Djinjama: Defying the Grid
Budawang (of Yuin Nation) spatial designer Dr Danièle Hromek with mother, Robyn Hromek and sister Siân Hromek, draw on their ancestors’ ancient techniques to create fishing nets that recast their ancestors back into the landscape, breaking the urban grids through a filter of culture.
Civic Square was architecturally designed in 1959 to be the new civic heart of Canberra. The original paving design featured a grid pattern that extended through to the shopping precinct around Garema Place. This installation work, Defying the Grid, is a response to how those architectural grids cut across the fluid lines of ancestral Country and the nebulous boundaries of Aboriginal nations.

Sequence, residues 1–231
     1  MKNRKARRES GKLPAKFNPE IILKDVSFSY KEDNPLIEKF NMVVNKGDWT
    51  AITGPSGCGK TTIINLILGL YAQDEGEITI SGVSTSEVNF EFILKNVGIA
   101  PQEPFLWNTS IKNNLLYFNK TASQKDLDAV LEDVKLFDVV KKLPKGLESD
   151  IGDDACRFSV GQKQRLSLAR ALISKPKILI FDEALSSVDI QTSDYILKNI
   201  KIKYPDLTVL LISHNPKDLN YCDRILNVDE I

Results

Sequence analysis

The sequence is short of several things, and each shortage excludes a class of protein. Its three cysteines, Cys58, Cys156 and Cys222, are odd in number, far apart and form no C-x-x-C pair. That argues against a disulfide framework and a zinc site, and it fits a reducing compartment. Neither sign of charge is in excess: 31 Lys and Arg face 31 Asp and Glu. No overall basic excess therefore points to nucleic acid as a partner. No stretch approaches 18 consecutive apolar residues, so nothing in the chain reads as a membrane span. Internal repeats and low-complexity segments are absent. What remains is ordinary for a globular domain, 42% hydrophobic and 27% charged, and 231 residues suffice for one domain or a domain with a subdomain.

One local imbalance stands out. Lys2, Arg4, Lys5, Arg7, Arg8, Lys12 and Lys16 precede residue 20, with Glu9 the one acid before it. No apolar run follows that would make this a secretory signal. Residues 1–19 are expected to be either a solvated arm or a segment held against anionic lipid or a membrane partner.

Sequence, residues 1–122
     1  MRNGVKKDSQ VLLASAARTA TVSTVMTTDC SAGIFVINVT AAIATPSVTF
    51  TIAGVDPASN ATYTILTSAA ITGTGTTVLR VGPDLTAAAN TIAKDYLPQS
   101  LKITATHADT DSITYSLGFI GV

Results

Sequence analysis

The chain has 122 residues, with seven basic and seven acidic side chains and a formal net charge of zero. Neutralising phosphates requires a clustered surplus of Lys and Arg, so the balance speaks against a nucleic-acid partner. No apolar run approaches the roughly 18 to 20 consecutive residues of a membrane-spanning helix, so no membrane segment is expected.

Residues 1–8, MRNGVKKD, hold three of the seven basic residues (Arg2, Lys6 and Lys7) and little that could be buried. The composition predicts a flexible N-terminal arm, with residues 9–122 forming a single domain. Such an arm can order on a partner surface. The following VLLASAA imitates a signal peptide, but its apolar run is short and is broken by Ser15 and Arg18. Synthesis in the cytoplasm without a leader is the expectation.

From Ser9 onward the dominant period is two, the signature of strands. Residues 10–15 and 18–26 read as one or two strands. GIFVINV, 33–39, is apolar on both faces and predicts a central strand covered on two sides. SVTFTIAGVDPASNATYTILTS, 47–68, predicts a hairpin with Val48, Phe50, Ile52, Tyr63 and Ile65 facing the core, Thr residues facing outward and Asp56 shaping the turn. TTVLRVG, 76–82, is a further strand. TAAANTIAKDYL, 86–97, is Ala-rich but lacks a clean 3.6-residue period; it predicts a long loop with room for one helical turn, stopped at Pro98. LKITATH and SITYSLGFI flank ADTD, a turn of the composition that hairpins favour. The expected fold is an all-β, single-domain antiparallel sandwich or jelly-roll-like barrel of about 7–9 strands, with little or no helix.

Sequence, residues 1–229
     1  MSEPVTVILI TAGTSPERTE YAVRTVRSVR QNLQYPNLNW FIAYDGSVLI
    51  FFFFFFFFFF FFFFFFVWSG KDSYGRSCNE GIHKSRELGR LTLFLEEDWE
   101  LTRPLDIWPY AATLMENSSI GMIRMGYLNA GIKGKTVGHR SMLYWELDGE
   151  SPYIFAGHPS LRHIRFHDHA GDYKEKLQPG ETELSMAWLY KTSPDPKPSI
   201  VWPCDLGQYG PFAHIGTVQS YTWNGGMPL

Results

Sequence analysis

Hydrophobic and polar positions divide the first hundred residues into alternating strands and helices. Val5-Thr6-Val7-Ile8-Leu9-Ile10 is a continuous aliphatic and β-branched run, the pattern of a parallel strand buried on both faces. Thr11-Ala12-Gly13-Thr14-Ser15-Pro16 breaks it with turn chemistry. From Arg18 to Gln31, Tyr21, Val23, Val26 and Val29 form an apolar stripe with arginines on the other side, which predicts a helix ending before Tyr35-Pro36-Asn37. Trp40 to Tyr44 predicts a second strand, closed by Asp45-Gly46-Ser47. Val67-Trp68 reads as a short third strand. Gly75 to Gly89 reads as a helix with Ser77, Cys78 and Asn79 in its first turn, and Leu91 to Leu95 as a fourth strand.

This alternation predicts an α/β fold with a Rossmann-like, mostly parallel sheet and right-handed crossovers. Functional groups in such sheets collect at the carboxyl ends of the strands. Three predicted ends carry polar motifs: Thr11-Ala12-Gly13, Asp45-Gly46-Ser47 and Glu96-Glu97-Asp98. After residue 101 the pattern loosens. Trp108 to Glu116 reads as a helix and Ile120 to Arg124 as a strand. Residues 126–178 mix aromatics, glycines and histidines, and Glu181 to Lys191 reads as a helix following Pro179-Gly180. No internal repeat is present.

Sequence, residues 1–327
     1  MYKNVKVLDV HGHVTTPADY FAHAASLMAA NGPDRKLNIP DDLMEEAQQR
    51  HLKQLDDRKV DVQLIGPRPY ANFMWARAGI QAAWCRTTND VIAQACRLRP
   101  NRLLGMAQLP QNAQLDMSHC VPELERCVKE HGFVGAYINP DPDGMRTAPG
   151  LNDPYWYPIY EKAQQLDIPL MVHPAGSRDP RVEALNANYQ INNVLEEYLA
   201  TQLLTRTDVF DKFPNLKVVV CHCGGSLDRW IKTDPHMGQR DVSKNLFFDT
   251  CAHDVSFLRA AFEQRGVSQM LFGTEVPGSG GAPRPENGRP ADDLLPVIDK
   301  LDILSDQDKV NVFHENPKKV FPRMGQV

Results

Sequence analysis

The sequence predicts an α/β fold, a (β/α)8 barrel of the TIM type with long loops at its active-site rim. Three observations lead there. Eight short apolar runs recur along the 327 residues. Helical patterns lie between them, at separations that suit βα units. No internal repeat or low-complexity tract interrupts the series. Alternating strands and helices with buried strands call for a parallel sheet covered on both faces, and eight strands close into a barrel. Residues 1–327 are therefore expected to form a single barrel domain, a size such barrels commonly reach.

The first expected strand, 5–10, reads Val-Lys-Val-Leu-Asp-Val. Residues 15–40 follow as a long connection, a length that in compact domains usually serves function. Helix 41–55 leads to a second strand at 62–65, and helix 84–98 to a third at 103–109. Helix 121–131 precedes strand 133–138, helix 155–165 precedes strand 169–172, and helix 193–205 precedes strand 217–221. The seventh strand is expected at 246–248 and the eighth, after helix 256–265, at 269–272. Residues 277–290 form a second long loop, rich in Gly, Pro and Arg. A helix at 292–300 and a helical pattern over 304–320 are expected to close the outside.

With the design and development of urban spaces in Australia, First Peoples were historically moved out of civic spaces to the city’s fringes. Streets were marked as boundaries restricting entry into inner city districts. Today, more First Peoples live in urban centres and cities than in remote areas.
These nets were collaboratively made, over many weeks, by the women of the Hromek family. With every knot that was tied, a story was told. Family stories of love, loss, colonisation and resilience are knotted into the fabric of the net creating many micro grids of history and memories. Listen closely and you will hear their grandmother spinning a yarn while other women in the family bustle around.
This work was created in response to 2019 DESIGN Canberra theme ‘Utopia’. It raises the question – what may be utopic for one could be dystopic to another.